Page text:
Shining a light on autism

One out of 110 school-age children in the U.S. is diagnosed with an autism spectrum disorder (ASD). Given these numbers, it is likely that you know someone who is affected by autism.

An invitation from Geri Dawson, chief science officer of Autism Speaks and research professor of Psychiatry at UNC-Chapel Hill.

Please join me and thousands of others around the world in shining a bright blue light on autism by wearing blue on April 1 and 2. This is one way you can show your support and increase awareness of autism.

People with ASD have difficulties in social interaction and communication, and tend to have restricted interests and repetitive behaviors. Autism is not one condition; rather, it is many conditions with many different causes, which include both genetic and environmental risk factors.

When autism is identified at an early age and appropriate early intervention is provided, children with autism can make substantial gains and learn to communicate and interact socially. With appropriate intervention, many children with autism are able to attend a regular classroom, learn to speak and develop friendships.

ASD affects each person differently. Some individuals are highly verbal and experience mostly social challenges, while others are nonverbal and unable to live independently. Some people are affected by medical conditions such as seizures or sleep disorders.

Although most people think about autism as a condition affecting children, the challenges are typically life-long. A half-million adolescents with ASD will be entering adulthood over the next few years.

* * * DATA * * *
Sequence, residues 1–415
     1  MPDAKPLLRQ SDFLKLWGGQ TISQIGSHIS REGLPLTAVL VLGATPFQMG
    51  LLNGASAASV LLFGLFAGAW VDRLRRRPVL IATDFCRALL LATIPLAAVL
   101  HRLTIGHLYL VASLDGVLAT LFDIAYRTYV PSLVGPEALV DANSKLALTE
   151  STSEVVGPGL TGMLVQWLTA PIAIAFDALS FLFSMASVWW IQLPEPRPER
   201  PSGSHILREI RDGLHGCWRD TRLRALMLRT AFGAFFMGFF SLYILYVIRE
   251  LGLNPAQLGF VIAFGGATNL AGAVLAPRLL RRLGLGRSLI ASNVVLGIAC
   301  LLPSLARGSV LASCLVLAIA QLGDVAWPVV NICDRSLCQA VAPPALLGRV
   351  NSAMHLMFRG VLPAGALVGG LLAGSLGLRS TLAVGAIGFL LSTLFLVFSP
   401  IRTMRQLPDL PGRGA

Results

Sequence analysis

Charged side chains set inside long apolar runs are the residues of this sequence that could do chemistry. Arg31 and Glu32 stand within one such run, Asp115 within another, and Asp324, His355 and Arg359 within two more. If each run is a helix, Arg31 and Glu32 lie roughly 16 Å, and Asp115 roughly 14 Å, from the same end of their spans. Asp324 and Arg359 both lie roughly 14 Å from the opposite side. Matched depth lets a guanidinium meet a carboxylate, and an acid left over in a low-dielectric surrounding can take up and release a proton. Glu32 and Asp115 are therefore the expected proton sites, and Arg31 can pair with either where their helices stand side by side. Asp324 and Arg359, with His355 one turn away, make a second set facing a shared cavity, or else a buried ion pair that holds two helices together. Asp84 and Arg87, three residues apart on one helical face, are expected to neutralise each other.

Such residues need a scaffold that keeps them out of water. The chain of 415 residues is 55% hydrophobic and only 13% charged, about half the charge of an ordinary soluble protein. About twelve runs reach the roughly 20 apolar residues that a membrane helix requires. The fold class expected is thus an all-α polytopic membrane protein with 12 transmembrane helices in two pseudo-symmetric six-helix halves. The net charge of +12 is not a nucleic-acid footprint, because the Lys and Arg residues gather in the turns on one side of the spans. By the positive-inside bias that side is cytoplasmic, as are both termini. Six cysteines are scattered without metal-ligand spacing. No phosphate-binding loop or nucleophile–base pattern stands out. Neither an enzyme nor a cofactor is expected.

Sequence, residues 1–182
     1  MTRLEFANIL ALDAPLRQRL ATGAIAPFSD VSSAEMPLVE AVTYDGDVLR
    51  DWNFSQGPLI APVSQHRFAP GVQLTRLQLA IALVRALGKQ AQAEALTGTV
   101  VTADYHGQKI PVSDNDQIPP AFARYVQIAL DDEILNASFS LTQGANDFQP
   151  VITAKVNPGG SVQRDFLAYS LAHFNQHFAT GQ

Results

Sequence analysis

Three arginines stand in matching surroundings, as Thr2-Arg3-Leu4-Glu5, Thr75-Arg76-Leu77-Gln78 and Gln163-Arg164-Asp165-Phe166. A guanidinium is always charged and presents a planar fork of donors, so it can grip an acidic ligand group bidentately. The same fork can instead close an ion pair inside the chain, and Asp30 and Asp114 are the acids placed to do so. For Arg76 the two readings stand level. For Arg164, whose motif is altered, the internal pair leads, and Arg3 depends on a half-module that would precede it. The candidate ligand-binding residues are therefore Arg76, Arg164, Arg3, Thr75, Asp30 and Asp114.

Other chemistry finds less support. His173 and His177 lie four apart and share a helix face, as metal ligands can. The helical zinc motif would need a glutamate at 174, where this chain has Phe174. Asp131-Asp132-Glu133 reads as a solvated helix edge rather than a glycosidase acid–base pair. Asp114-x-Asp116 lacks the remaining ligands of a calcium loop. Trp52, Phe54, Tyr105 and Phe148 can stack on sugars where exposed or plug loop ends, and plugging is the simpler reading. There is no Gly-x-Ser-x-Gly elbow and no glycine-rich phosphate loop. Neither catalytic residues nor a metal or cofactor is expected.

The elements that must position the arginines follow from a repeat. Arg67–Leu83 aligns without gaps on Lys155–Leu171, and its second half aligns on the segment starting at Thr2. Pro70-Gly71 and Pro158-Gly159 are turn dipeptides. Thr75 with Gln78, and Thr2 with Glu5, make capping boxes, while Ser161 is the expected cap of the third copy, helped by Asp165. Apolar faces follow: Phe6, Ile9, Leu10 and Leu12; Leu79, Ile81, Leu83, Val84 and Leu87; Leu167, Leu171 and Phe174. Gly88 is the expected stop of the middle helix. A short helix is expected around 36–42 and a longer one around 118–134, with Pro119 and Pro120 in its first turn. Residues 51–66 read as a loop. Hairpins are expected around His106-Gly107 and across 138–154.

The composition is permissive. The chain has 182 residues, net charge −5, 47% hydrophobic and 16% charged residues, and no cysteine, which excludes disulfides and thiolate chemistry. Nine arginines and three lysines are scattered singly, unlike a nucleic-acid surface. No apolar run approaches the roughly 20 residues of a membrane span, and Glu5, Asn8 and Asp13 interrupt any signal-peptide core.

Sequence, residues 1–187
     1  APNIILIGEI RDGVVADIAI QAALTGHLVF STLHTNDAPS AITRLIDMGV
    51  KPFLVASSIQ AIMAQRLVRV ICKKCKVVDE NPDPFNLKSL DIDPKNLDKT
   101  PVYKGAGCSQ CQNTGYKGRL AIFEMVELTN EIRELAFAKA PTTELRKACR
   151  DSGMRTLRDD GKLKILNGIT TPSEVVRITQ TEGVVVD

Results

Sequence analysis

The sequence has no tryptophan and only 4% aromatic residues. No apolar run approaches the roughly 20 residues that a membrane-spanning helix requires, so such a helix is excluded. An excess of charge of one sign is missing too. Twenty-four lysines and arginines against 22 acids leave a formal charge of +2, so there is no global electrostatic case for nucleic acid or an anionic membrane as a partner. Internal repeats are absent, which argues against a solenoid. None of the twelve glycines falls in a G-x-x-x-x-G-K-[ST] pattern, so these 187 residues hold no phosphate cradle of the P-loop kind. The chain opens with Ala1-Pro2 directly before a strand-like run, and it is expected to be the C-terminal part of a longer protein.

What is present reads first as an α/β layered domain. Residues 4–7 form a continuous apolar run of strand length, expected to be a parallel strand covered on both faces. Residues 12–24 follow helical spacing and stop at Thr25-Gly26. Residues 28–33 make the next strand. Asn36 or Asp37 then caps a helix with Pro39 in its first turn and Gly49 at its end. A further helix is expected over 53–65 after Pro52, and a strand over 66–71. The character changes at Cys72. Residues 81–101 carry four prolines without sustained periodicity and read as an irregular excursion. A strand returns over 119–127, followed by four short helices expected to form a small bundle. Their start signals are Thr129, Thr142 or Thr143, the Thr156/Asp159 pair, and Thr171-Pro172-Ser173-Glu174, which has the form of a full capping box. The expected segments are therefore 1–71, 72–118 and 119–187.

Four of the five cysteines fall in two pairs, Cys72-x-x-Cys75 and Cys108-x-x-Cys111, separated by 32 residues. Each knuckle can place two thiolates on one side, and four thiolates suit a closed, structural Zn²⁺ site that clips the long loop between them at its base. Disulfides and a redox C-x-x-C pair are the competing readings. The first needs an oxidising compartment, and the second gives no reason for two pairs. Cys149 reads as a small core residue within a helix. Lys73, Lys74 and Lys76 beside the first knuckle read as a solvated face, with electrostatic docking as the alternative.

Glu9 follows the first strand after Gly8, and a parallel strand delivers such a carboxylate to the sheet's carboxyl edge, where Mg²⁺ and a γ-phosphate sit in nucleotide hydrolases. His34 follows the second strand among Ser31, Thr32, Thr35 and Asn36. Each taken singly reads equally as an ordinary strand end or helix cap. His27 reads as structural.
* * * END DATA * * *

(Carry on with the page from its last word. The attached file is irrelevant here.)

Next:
New research on the biology of autism is pointing toward novel treatments, including medications that could help address the core symptoms of ASD. Each year, Autism Speaks provides $25-30 million in research funding to discover autism’s causes and effective interventions. In fact, several scientists at the University of North Carolina are conducting Autism Speaks-funded research on topics ranging from infant screening to animal models to clinical trials that are assessing new behavioral and medical treatments. This research offers hope for the many families struggling with autism in all of its forms.

The diversity of the presentation of ASD is just a part of the awareness we hope to raise this year on World Autism Awareness Day by shining a light on autism. We want more people to appreciate the lives of those living with autism, both in terms of the daily challenges and the celebrations of special abilities and milestones achieved.

Saturday, April 2, is World Autism Awareness Day, dedicated in 2007 by the United Nations to raise awareness about autism throughout society and to encourage early diagnosis and early intervention. On Friday, April 1, and Saturday, April 2, we will light the world up blue to raise awareness and show support. Landmark buildings, hospitals and schools around the world will change their lighting to blue.

Please join us at work and at your home by wearing blue, changing your porch light and hanging a sign to show your support.

Read more information about how to light it up blue.

Learn about UNC autism researchers unraveling clues, developing interventions.